The most recent soul-nourishing project is Gali Guliyan. Debutant director Dipesh Jain’s film is set in the older parts of Delhi. Bajpayee plays Khuddus, who is traumatised by his past but unable to leave the place that is responsible for his misery. He surreptitiously watches his neighbours on closed-circuit cameras and becomes obsessed with a boy in the neighbourhood who he believes needs his help.
Gali Guliyan has been screened at several film festivals, including Busan, Kerala and London, and praise for Bajpayee’s deeply internalised performance has been universal. He dropped several kilos for the role, and worked hard to get under the skin of a character who lives mostly inside his head.
“The preparation part was the most difficult, dealing with a mind so complicated and complex,” Bajpayee recalled. “For one month, I was searching the body of the character and failing all the time. I was losing weight, my immunity levels were going down, I started falling sick. I was promoting the film Budhia Singh at the time, and it had become difficult to do so. I requested all outsiders to stay away from me because I wanted to be with myself.”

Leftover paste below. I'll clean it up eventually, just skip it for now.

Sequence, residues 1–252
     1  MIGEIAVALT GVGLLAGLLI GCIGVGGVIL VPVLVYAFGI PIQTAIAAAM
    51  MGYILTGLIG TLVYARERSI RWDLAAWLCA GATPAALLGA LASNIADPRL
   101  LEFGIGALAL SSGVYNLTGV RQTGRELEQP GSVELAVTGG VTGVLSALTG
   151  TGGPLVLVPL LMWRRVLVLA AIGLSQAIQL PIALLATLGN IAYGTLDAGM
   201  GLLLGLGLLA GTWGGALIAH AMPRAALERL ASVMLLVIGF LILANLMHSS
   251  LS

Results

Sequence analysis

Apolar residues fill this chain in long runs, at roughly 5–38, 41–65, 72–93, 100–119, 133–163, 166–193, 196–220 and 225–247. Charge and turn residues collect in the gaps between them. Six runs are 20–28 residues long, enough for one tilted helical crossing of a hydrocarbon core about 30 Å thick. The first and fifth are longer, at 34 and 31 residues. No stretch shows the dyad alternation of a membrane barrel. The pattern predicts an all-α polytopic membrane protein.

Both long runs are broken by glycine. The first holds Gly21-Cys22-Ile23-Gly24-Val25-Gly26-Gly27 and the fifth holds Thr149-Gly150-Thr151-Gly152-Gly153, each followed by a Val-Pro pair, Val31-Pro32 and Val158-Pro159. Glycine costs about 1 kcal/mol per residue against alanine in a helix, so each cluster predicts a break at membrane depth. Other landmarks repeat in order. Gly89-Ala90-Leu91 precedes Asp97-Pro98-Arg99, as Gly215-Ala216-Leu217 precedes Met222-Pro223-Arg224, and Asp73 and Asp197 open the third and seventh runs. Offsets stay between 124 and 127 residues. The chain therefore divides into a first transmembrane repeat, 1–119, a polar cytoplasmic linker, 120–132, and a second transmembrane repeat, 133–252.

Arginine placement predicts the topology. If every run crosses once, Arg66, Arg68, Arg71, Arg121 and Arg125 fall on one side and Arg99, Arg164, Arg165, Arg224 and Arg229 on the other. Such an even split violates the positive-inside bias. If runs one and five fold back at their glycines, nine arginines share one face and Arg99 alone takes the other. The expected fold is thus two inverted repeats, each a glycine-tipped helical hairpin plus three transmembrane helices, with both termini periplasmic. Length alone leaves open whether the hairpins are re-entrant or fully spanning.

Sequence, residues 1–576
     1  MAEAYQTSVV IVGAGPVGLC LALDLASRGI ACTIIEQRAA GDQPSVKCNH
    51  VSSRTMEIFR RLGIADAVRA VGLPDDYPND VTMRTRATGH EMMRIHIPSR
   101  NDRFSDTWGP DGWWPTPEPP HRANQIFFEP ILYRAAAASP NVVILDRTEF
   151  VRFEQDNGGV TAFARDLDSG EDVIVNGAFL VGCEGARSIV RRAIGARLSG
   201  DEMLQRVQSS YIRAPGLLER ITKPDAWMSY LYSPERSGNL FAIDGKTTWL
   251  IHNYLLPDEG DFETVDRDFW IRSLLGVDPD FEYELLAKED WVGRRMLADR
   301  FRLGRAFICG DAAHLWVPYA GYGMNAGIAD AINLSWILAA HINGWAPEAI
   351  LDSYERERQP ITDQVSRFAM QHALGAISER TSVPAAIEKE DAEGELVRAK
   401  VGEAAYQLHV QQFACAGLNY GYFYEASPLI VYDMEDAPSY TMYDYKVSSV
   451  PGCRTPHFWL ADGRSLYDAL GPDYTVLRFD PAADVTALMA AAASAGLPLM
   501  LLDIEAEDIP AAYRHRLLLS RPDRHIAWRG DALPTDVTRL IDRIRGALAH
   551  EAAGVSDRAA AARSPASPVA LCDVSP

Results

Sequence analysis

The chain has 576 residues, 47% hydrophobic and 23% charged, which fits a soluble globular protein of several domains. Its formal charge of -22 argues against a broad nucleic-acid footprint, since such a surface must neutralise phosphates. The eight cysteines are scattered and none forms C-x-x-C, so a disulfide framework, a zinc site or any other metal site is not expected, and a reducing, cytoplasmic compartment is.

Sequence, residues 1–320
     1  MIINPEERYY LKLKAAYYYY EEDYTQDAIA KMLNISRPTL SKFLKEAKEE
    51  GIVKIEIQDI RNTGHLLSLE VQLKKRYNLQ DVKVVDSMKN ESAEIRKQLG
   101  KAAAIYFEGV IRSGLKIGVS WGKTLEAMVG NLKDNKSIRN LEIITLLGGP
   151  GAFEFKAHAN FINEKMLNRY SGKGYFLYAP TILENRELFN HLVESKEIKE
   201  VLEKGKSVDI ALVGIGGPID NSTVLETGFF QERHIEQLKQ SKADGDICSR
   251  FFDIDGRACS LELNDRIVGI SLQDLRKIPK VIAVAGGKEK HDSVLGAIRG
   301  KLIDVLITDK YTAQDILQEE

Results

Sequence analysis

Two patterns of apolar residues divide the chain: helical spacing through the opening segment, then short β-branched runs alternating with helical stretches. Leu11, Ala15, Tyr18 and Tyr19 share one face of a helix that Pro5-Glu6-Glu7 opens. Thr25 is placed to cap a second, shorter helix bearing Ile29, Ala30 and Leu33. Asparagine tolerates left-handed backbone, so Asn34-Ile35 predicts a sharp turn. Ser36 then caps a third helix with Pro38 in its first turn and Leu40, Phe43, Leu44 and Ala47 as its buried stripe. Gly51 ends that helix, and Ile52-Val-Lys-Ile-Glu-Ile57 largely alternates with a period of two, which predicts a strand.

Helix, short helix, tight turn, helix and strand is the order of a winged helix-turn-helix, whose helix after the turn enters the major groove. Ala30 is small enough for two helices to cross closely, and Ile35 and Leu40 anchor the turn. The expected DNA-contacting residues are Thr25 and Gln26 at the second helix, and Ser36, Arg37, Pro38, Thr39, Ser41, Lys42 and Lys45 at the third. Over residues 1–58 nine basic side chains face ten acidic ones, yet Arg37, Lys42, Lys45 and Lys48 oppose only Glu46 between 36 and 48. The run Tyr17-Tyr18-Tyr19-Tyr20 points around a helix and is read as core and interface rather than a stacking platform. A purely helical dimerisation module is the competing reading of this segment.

In several sequences in Gali Guliyan, Bajpayee has no other actor to play against (except for Khuddus’s demons). Khuddus shuns company and is often inscrutable, and Bajpayee had to ensure that viewers both understood the character as well as felt for him.
“What kind of craft should be applied to deal with a man when a thousand thoughts are crossing his mind every second,” Bajpayee said. “Many things that I tried failed and came across as pretentious. Khuddus’s complication had to be crafted but it also had to be natural and believable.”
The actor also wanted to distinguish Khuddus from his characters in Kaun (1999) or Aks (2001), who meet the standards of movie-certified insanity. “I never treated him as a mentally diseased person,” he said. “Instead, I said, let’s explore the mind of a guy who is stuck in his childhood, find the desperation inside him.”
If he should get any award for Gali Guliyan, it should be for shooting in crowded spaces, with hundred of eyes staring at him as he prepared to execute a difficult scene. “We actors should be given the highest awards for performing in the middle of people,” Bajpayee joked. “I can prepare in the most crowded of places, and I know how to take a journey into my mind and separate myself from the crowd. I can act anywhere.”